When we travel, we meet a lot of people through hostels, tours, classes, and shared transportation. Many of them become fast, intensive friends for a few days. We exchange contact information, then never see each other again, despite best intentions.
Back in January 2012, 8 years ago, we flew to southeast Asia for our first big trip, spending 2 months in Singapore, Thailand, Cambodia, & Laos. Taking a cooking class is something we try to do in every country as a way to learn the culture and food and meet people and we started this tradition a few days after we landed in Chiang Mai, Thailand. I was so anxious I didn’t really want to leave our guest house for the first few days because everything was so foreign – it was overwhelming.
The cooking class helped ease me in, allowing me to ask stupid questions I didn’t know who else to ask. Our teacher was Palm, a girl close to our age who we became fast friends with. We ended up spending a few weeks in Chiang Mai and during that time we had drinks with Palm, she drove us to a park outside the city for a waterfall hike and picnic, and we eventually went to her parents house and stayed the night after visiting a festival at her temple. Talk about cultural immersion! We were way out of the tourist zone and definitely the only farangs (foreigners) there. David was a solid head taller than everyone else. It was a little intimidating (“what do I do? Do I bow? Please don’t like me break some cultural expectation and embarrass myself or my host…:”). It was really cool to have such an authentic experience – and Palm was a fun friend!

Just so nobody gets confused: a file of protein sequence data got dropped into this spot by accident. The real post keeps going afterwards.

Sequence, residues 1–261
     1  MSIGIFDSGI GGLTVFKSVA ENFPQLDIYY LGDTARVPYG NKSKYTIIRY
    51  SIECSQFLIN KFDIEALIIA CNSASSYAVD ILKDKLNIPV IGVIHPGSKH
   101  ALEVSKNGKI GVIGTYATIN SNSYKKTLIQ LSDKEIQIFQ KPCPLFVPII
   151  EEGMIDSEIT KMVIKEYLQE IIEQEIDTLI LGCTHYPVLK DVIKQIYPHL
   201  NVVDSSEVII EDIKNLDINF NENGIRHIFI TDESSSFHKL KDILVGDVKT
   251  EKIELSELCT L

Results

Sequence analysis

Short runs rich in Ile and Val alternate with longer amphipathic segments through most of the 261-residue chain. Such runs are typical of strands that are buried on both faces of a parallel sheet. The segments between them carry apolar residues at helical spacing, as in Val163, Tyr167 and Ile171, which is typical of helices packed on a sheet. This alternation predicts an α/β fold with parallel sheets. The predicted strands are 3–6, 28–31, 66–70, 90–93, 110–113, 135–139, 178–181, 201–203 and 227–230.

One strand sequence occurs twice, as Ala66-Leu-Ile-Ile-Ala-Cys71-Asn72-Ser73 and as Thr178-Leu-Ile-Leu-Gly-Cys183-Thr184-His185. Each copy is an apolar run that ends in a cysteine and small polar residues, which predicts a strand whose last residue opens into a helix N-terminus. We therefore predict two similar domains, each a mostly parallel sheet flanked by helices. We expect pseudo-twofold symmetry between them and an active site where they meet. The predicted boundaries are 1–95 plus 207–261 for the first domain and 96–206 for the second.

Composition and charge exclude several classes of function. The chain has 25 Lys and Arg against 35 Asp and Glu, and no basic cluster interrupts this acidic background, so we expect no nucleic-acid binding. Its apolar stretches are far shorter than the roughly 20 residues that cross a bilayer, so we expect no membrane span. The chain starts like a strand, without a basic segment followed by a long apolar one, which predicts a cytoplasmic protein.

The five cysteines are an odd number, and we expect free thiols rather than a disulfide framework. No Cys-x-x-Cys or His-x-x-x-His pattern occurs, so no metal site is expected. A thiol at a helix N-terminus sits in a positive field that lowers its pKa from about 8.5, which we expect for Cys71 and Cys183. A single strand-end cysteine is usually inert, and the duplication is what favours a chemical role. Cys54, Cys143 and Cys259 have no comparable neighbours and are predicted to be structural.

We friended each other on Facebook, then left Thailand, hoping we’d one day go back and see Palm.
Last year Palm posted a picture of herself and her son at Fenway Park in Boston. I immediately sent her a message and said “Holy cow Palm! Are you still in Boston?! We live in Boston!!! We’d love to see you if you’re still here!”. She wrote back with the craziest reply.
“I actually live here now. You’ve probably never heard of it, but I moved with my husband to a place called North Attleboro.”
For those of you that don’t know, David and I grew up in Attleboro (the next town over) and our families still live there. It took a little while, but we finally met up with Palm.
What are the chances that someone you met literally on the other side of the world 8 years ago moves practically to the town you grew up in? It’s a small world indeed.
It was good to see Palm and she invited us to come to her house for some Thai food sometime and we’ll need to have her up and cook for her too.
Have you ever met people while traveling that you became friends with? Anyone that you ever met up with again?